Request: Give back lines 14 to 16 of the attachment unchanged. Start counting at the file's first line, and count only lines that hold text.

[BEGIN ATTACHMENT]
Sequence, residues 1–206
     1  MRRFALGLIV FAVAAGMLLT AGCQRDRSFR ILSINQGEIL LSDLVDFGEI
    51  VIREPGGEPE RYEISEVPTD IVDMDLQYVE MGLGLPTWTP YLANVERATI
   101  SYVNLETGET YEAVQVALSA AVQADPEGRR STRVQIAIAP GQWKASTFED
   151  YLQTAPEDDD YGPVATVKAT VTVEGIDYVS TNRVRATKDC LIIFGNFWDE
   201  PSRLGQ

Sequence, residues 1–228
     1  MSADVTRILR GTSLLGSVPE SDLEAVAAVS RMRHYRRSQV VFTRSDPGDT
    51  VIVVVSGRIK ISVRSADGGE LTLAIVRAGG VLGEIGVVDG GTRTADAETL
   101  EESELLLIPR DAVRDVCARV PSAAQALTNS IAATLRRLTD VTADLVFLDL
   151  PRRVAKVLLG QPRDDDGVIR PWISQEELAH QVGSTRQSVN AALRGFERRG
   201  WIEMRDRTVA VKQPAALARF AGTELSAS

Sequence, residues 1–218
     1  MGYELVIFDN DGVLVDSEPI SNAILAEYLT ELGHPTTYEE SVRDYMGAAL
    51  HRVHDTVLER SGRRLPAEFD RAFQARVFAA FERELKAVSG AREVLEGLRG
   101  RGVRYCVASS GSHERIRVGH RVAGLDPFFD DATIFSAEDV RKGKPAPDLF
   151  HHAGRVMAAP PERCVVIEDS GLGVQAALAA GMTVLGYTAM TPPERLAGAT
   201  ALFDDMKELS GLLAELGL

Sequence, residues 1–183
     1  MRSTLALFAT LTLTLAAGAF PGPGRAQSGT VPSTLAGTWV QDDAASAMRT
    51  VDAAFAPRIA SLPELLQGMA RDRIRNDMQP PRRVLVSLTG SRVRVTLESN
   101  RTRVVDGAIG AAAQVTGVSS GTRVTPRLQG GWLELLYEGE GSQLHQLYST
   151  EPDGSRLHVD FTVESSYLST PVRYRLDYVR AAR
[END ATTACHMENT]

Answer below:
     1  MGYELVIFDN DGVLVDSEPI SNAILAEYLT ELGHPTTYEE SVRDYMGAAL
    51  HRVHDTVLER SGRRLPAEFD RAFQARVFAA FERELKAVSG AREVLEGLRG
   101  RGVRYCVASS GSHERIRVGH RVAGLDPFFD DATIFSAEDV RKGKPAPDLF